12. The Zinnia seeds that I planted back in May are finally blooming. According to Wikipedia, these flowers are “a genus of plants of the sunflower tribe within the daisy family. They are native to scrub and dry grassland in an area stretching from the Southwestern United States to South America, with a center of diversity in Mexico.”

13.   Every 

14.      Day 

15.          Seems 

16.                 To 

17.                Drag 

18.                         On

19.                            Longer     

20.                                and Longer… 

21. My first kiss happened on a July 20th. It was a fabulous kiss. We were cutting strawberries in my kitchen and he leaned over an grabbed my cheeks with is wet, fruity fingers. He did that cute thing where he held a strawberry between his teeth and had me lean in and eat it, then kissed me more.

22. Mentioning strawberries, we had some in our garden when I was a kid, 2009 maybe? I ate them until my figures turn red and my stomach turned spoiled from all the natural sugar. I remember making jam out of them. My mom chopping them up and making a sort of jellied concoction to put into a ball jar and freeze so we’d have fresh preserves all summer.

23. That time my photo of old picture frames went viral on Tumblr happened on July 23, 2016. 1,444 notes. My one and only claim to social media fame.

24. Bored. So bored that you just lay on your bed and look up at the ceiling fan, trying to count how many times it circulates. Congratulations younger me, you hit your summer break’s bedrock boredom faze. It only goes up from here.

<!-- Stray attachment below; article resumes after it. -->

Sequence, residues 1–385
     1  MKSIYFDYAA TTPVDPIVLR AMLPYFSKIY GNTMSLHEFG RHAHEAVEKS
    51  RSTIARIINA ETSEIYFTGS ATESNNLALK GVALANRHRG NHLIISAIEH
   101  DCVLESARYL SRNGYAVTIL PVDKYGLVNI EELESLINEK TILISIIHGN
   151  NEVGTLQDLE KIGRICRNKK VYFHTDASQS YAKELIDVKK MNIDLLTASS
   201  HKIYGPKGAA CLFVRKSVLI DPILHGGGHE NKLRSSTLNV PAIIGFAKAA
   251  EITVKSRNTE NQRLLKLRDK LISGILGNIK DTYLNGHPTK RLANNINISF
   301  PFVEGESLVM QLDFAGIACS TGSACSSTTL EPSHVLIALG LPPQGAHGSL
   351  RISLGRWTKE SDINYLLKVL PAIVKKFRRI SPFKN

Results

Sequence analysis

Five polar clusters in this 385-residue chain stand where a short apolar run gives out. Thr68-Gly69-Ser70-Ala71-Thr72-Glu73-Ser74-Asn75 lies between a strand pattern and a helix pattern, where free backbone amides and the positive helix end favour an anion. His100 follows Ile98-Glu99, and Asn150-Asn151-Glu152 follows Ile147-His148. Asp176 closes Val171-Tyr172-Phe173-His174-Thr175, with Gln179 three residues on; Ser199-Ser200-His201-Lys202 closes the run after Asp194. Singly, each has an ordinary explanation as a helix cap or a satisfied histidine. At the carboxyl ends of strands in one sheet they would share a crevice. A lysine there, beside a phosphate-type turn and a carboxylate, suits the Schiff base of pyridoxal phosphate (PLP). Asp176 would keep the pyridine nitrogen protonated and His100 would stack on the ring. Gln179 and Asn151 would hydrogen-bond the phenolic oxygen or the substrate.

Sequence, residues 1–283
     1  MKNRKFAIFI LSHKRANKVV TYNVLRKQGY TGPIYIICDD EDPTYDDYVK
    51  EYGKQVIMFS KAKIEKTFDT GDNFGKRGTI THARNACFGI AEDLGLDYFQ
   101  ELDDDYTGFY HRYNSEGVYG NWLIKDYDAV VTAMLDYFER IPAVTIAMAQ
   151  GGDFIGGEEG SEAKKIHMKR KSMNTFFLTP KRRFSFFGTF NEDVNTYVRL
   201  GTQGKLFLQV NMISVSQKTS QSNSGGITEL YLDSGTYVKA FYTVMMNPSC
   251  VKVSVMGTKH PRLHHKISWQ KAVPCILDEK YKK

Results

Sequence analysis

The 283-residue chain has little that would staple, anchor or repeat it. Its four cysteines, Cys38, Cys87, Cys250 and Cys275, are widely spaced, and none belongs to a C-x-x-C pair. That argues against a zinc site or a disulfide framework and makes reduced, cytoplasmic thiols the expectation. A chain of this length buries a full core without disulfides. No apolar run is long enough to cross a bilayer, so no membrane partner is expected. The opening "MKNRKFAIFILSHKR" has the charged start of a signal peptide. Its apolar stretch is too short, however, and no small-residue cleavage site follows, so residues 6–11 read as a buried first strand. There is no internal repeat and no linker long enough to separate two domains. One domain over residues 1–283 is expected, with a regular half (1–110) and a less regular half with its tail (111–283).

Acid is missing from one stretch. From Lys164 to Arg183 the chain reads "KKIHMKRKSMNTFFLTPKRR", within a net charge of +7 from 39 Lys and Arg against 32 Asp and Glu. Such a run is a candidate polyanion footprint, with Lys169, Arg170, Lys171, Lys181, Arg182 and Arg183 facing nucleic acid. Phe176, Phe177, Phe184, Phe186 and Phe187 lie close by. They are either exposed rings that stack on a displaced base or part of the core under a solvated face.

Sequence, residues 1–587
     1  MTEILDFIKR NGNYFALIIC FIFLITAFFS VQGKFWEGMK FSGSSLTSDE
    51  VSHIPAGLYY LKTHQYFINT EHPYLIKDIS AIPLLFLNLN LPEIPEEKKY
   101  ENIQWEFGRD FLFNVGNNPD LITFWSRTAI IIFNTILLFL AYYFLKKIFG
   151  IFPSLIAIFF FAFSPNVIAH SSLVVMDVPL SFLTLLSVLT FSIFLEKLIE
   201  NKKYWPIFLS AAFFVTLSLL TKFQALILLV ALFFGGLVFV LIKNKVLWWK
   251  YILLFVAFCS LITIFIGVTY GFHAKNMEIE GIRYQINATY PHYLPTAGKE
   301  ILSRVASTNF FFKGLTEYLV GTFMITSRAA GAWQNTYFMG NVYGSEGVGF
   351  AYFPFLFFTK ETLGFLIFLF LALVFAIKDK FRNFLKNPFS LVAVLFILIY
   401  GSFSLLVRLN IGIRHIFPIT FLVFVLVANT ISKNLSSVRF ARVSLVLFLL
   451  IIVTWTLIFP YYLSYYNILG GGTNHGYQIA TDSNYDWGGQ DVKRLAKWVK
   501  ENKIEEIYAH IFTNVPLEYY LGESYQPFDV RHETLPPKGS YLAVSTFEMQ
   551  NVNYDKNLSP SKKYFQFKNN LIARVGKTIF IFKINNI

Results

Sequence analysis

25. Actually being homeschooled, you don’t get a summer break. Not really. Learning world history from the adventurous outdoors of my backyard playground was never the best, but then again it was better than hitting bedrock boredom. At least I was learning something.

26.  Light filters through the crack between the umbrella and the house, between the wood planks on the table, between the curtain and the window, between my eyelids and the morning. 

27. This might have happened in August but I’ll list it here anyway. I rode an elephant once.  It was my biggest dare, my greatest achievement, the masked truth I’d use in two truths and a lie. It happened at our Indiana State fare. I’m proud to say I still have the sticker which pictured the said elephant I rode with the world printed in bold I RODE AN ELEPHANT which they gave me after I dismounted. I satisfyingly wore it the rest of the day. 

28. One summer my mom, brother, and I ventured out into the wild west into the states of Colorado, Wyoming, and South Dakota. On the last leg home, we tiredly sang “Back Home Again In Indiana” right as we crossed over the Wabash River. The moonlight glissaded on its surface and we were happy to be home. 

29 Basel leaves have this scent that penetrates the whole garden and invites you, and the beetles, in to eat their leaves. The beetles prefer them raw. I prefer them with cheese, tomato sauce, and homemade pizza dough.

30.  My birthday is in October, however, the year I was to turn 12 I wanted a warm summer birthday party so bad that we decided to celebrate my birth in July instead. I had an ice cream party where all my friends came. A three-layer ice cream cake from Cold Stone graced the table. It was frozen, so frozen that my dad had to get out the electric turkey knife to be able to cut through it. I cried. I’ve had all my birthday parties in October since then.